How Effective are ET Controllers?
The study noted two interesting points:
- Irrigation demands typically account for 50% or more of the total water used in many California homes and businesses
- Improving irrigation efficiency is perhaps the single most important goal for water conservation professionals in the coming years.
The Water-Saving Results Were Mixed
This study definitely demonstrates that irrigation controllers, used in the right circumstances, can save water. It’s also important to understand, however, that “weather-based, smart irrigation controllers, while a valuable tool, are not a ‘magic bullet’ for achieving perfect irrigation control and water savings.” Here’s why:
- Even the best, most water efficient controller cannot make up for poor irrigation system design, installation, and maintenance
- On average smart controllers are a moderately effective measure for reducing the amount of water applied by automatic irrigation systems, while maintaining the health, and appearance of landscapes
- When seeking irrigation water savings, the pre-existing level of excess irrigation at the site is the most important factor to consider
- The water savings achieved through installation of smart controllers can be maximized by targeting the technology to irrigators with historically high irrigation application rates, not simply customers with high irrigation use
- The many irrigators who historically apply less than the theoretical irrigation requirement for their landscape are likely to increase their irrigation application rate after installing a smart controller.
So even if you install an ET controller, and it uses localized weather data to change the amount of water delivered to your landscape each day, if your irrigation system has been installed and designed improperly, chances are high you’ll see dry, straw-like dead spots in your lawn that will eventually cause you to override the controller and pour on more water than you theoretically should.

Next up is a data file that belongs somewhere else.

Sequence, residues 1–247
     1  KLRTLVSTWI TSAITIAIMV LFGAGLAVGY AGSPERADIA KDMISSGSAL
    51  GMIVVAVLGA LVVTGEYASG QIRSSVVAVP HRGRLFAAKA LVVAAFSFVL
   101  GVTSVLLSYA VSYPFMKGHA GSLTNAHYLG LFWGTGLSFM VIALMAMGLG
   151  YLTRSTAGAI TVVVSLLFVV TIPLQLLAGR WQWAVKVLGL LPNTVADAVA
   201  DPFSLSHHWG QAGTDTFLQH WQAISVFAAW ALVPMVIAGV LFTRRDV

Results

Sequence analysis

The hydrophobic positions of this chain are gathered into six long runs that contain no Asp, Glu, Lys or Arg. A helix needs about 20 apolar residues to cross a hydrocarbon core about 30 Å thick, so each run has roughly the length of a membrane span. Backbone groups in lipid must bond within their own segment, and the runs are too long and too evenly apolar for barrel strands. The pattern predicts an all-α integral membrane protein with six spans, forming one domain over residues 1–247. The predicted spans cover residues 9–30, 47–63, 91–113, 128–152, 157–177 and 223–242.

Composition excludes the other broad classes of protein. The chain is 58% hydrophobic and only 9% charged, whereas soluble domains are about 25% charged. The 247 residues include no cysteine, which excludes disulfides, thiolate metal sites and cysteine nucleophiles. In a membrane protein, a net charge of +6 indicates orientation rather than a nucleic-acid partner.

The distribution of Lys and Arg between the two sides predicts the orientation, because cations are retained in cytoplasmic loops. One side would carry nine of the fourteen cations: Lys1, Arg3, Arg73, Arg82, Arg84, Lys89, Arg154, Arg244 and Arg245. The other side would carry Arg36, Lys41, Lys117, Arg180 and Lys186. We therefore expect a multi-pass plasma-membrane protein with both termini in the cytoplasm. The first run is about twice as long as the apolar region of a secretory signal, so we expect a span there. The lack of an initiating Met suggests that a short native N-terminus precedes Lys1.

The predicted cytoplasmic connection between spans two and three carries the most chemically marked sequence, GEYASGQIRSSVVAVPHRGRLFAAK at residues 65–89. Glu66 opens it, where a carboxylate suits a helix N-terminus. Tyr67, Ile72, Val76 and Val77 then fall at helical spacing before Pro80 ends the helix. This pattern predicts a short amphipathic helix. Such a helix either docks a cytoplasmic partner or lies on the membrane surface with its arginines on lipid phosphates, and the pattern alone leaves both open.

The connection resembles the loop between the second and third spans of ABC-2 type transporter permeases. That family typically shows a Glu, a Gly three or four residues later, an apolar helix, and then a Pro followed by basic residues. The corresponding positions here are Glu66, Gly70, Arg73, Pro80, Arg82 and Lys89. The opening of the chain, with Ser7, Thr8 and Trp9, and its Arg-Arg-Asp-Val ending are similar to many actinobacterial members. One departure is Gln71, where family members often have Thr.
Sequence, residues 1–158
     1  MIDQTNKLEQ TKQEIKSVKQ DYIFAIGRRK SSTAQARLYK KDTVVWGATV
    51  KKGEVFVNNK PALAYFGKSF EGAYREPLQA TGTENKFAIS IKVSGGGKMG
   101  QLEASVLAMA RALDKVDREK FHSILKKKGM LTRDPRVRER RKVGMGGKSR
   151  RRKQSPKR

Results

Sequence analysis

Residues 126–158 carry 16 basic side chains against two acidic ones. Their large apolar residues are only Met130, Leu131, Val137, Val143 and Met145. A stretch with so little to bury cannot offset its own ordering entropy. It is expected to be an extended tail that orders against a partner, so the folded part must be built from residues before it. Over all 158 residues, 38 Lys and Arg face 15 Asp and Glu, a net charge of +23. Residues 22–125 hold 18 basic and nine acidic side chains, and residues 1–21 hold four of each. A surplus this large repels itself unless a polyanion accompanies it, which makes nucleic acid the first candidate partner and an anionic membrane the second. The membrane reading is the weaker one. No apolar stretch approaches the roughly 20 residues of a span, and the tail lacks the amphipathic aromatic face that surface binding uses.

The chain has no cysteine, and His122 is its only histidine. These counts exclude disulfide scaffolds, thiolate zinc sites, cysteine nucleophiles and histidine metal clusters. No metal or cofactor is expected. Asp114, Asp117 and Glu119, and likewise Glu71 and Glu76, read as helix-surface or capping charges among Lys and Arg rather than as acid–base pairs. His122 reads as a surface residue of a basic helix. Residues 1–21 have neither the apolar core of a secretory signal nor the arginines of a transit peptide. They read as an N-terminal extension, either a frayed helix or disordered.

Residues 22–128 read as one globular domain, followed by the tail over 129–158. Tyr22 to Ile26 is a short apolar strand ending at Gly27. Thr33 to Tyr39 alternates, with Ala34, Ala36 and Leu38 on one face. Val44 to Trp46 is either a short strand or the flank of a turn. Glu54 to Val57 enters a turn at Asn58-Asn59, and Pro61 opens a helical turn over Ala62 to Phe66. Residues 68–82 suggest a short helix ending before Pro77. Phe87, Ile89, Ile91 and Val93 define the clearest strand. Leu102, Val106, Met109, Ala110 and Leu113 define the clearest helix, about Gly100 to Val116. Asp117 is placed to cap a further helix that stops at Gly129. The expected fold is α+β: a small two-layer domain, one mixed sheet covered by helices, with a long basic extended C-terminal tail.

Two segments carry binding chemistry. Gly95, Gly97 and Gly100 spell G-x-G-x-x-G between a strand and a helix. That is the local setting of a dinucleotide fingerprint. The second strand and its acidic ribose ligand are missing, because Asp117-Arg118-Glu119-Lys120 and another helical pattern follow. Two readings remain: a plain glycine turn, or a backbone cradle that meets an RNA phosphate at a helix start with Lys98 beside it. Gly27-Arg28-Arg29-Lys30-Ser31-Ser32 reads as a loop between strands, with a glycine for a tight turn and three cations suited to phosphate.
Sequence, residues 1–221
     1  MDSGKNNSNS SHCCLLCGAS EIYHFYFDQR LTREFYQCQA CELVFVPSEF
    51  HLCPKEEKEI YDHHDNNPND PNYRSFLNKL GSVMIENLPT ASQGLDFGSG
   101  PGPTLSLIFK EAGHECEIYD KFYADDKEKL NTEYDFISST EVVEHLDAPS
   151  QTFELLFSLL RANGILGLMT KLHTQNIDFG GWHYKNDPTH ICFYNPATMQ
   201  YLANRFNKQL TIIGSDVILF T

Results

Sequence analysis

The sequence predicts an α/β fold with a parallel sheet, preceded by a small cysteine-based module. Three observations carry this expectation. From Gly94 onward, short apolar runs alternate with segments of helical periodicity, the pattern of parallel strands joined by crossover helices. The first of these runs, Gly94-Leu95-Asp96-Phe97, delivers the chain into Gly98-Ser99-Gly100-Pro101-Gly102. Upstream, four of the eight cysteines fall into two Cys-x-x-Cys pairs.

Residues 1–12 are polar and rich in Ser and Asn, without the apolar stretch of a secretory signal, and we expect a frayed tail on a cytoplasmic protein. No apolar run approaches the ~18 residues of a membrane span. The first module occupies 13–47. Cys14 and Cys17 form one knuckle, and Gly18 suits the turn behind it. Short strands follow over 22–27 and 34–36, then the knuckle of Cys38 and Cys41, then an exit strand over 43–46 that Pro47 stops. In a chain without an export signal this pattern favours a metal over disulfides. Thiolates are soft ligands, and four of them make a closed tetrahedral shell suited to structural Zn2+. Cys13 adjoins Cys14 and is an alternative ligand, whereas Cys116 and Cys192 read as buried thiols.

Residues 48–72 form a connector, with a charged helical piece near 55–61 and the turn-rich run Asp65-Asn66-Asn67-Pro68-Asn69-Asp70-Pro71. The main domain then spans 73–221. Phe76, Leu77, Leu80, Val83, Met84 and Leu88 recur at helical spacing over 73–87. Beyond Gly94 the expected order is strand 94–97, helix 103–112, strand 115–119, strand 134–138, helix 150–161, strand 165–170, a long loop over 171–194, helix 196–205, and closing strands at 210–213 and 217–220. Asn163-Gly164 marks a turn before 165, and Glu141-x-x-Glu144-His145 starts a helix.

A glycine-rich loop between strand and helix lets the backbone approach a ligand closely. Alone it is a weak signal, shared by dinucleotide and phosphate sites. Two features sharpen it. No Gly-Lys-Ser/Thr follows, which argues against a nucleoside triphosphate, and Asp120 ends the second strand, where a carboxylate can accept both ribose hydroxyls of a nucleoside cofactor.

The Need for Analytics
ET controller rebates and education programs are a common offering part of many water provider’s conservation initiatives. If the key success factors for ET controllers are:
- Pre-existing levels of excess irrigation and
- Historically high irrigation application rates.
…then it follows that water utilities will want to know which of their customers meet these criteria. That’s where analytics can be invaluable.
Using statistical data analysis to review each of your customer’s water usage history and factoring in historical ET and irrigable landscape data (gleaned from GIS or other sources), you can uncover who the over-irrigators are. Targeting your ET controller rebates to these customers first will generate measurable water savings, build momentum for your conservation program, and be a wise use of your conservation dollars.
How Much Water Could be Saved?
The research study measured the following outdoor water savings:
- Total water savings (1 yr.) = 180,418,500 gals. (330 AF)
- Smart Controllers (Northern CA) – Saved 47,300 gals. per site. Decrease in usage = 6.1%
- Smart Controllers (Southern CA) – Saved 30,900 gals. per site Decrease in usage = 5.6%.
The study also found that 959 sites increased their water usage.
A Comprehensive Study
The research paper is very comprehensive and includes a wealth of information about:
- Different smart controller technologies
- How various irrigation controller manufacturers’ equipment performed
- The cost-effectiveness of this type of program
- Factors that influenced water savings and how those savings persisted over time
- Customer satisfaction data
- Best practices and more.
ET controllers can be a powerful water conservation tool. The trick to generating measurable water savings is to target properties that are over-irrigating. Next, you want to inspect their existing irrigation systems to make sure they have been designed and installed correctly. Finally, the customer needs to be educated on how to properly set and use the equipment. This combination of steps will lay the foundation for a successful ET controller program.
A link to the full research paper can be found here: Evaluation of California Weather Based Smart Irrigation Controller Programs (PDF).
This paper was prepared by Peter Mayer, William DeOreo, Matt Hayden, and Renee Davis of Aquacraft, Inc., Erin Caldwell and Tom Miller or the National Research Center, Inc. and Dr. Peter J. Bickel and first published in July 1, 2009.